Snap, crackle and pop: What to do with a ruptured Achilles

Following on from our previous blog on Achilles tendon rupture it is time to focus on the current options for treatment and what we can learn from research evidence.

In the early 1900s, conservative treatment coupled with a long period of immobilisation was the accepted treatment for a complete Achilles rupture.3 However by the turn of the century improved surgical techniques and an increase in expectations to return to sport led to surgery becoming a popular treatment choice. The early 2000s saw surgery becoming the treatment of choice for all but the elderly and those at high risk of surgical complications. Traditional immobilisation involved casting in some degree of ankle plantarflexion and this type of immobilisation was also used post surgically for 6 to 8 weeks.

Of course, tendon healing is not the only important outcome after Achilles tendon rupture. Prolonged immobilisation leads to gross muscle wasting and frequent complications such as deep vein thrombosis, fibrotic adhesions and pressure sores. Recent research has not only highlighted these adverse events but has emphasized the benefits of early tendon loading and mobilisation with improved vascularity around tendon, improved fibre orientation, decreased collagen cross linkages, increased size and number of collagen fibrils.3-4 Regardless of whether conservative or surgical management is elected, the rehabilitation of complete Achilles ruptures can now comprise of slow, controlled range of movement exercises (4 weeks), and functional bracing to allow for some ankle movement followed by an intense ankle and calf strengthening program. Jogging can be started as early as 12 weeks and return to contact sport by 20 to 24 weeks. But is there a preference for management?

Two recent systematic reviews of randomised control trials compared conservative with surgical management for complete Achilles tendon ruptures.1, 4 Both reviews found a greater rate of re-rupture in conservatively managed patients. The incidence of complications such as infection, non-cosmetic scar complaints and sural nerve sensory disturbances were significant in the surgical group. One review listed known risk factors for infection as age greater than 60 years, diabetes, corticosteroid therapy, smoking, delay in treatment greater than seven days and pain in the tendon before the injury.4 These risk factors should be acknowledged and addressed when considering management options with patients.

In terms of return to work, one review4 found no significant difference between the groups, the other1 found that time off work was significantly shorter in the surgical group. Interestingly only one review evaluated return to sport rates and found no significant difference between the groups for return to pre-injury level.1 Disappointingly, no evaluation was made on the overall rate of return to pre-injury level of sport.1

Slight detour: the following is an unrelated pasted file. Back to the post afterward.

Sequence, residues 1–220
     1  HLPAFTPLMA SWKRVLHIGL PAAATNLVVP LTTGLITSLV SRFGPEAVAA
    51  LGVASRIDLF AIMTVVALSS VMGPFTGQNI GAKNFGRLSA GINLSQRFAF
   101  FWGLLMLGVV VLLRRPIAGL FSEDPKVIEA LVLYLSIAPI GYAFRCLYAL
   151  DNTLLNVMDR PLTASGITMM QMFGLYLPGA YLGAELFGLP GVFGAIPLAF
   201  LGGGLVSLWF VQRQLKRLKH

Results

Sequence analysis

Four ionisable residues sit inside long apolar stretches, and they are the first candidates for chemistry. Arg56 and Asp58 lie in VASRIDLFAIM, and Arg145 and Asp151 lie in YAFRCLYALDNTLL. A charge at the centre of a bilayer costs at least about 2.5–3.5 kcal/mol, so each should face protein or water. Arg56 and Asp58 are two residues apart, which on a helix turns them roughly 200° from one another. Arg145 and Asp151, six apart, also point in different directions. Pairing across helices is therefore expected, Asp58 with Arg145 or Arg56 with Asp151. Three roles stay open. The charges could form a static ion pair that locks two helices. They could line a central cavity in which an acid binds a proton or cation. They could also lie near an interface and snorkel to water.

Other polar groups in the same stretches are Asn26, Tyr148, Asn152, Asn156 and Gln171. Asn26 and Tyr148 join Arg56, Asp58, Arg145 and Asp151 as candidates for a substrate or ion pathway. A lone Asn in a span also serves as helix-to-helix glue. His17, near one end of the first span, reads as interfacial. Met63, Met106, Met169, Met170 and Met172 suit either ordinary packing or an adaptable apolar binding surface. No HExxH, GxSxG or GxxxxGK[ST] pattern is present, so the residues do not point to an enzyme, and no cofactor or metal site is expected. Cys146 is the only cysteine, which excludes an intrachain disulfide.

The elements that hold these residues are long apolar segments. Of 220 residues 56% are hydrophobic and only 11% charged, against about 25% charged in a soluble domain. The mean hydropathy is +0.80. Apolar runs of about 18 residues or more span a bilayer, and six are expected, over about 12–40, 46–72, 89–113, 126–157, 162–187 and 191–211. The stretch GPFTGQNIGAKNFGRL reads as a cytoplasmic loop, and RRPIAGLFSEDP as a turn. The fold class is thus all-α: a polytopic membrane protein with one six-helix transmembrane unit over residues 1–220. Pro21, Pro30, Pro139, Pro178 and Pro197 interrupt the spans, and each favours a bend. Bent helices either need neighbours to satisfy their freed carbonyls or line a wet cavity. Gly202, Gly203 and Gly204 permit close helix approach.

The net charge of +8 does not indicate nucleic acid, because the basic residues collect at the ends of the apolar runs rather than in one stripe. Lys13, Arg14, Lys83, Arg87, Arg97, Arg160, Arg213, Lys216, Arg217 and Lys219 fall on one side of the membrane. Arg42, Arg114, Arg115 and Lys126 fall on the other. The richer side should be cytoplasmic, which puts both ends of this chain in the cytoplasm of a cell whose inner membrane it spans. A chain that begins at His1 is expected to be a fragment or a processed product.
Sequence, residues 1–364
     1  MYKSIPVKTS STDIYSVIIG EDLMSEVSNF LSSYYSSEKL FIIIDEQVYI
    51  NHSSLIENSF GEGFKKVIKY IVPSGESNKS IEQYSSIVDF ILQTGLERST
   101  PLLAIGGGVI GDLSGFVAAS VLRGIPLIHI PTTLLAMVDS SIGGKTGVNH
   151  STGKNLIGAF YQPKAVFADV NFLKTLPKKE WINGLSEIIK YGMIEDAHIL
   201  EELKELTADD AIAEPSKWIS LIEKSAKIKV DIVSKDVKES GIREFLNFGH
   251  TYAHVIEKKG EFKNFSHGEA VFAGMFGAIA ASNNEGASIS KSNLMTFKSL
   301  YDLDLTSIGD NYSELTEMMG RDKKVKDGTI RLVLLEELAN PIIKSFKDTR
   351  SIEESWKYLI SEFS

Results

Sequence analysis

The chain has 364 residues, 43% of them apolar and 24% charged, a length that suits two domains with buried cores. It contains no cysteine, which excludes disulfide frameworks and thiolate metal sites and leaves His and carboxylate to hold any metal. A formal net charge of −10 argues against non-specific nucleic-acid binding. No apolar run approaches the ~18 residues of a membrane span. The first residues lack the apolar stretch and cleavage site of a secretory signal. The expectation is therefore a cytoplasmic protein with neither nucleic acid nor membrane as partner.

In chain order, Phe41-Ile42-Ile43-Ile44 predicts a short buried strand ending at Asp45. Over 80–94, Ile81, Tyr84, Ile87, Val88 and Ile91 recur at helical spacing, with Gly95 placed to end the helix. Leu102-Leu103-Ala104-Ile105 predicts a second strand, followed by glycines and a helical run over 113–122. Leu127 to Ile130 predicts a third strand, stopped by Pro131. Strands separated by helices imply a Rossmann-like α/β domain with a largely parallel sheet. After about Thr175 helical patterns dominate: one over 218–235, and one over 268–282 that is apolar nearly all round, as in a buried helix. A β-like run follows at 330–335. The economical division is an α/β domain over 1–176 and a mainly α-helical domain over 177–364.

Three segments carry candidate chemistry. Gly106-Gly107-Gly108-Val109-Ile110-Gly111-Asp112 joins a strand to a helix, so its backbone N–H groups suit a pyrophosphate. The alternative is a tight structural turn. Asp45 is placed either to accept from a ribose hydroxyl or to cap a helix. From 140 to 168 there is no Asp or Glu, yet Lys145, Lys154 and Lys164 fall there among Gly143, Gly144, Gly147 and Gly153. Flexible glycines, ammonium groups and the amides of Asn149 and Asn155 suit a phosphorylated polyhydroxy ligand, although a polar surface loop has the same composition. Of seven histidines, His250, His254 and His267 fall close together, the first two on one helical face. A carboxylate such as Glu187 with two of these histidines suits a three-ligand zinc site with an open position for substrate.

A recent study has evaluated the short-term recovery of function after an acute Achilles tendon rupture, measured by a single-legged heel-rise test at 12 weeks after injury.2 Both surgical and conservative management groups were included. No significant difference was found between the groups in the ability to perform a heel raise at the 12 week mark. Further analysis showed that only 23 out of 40 (58%) in the surgical group and 18 out of 41 (44%) in the non-surgical group were actually able to perform the heel raise successfully. When the data was analysed in terms of those that could and those that couldn’t perform the test, those that could were significantly younger, more often of male gender and had a higher degree of physical activity. Additionally those that could not perform the heel raise reported a significant reduction in lower leg function and poorer general health status.

Given that most rehabilitation protocols recommend returning to running and non-contact sports between 16 and 20 weeks, assessing the ability to perform a single heel-rise at 12 weeks may be a useful clinical predictor of poor functional outcome. Chapter 37 of the clinical sports medicine textbook (CSM4ed) acknowledges that not all patients may be able to perform a single heel raise at 12 weeks and suggests that between 3 to 6 months is a more realistic aim. Having a strength deficit of 10-30% in the calf on the injured side can be considered normal after injury and may become permanent. Therefore continual monitoring of calf strength and foot function should ideally be ongoing past 6 months and even after return to sport.

So what have we learnt? Both surgical and conservative management of Achilles tendon ruptures have their pros and cons. Continued research into the application of growth factors and stem cells for the purpose of musculoskeletal repair and regeneration may help to reduce the rate of re-rupture and surgical complications.


  1. Jiang N, Wang B, Chen A et. al. ‘Operative versus non operative treatment for acute Achilles tendon rupture: a meta-analysis based on current evidence’ International Orthopaedics (SICOT) 2012 36: 765–773
  2. Olsson N, Karlsson J, Eriksson BI et. al. ‘Ability to perform a single heel-rise is significantly related to patient-reported outcome after Achilles tendon rupture’ Scand J Med Sci Sports 2012 Published ahead of print
  3. Schepsis AA, Jones H, and Haas AL ‘Achilles Tendon Disorders in Athletes’ American Journal of Sports Medicine 2002 30(2): 287-305
  4. Wilkins R and Bisson LJ ‘Operative Versus Non operative Management of Acute Achilles Tendon Ruptures: A Quantitative Systematic Review of Randomized Controlled Trials’ American Journal of Sports Medicine 2012 40(9): 2154-2160

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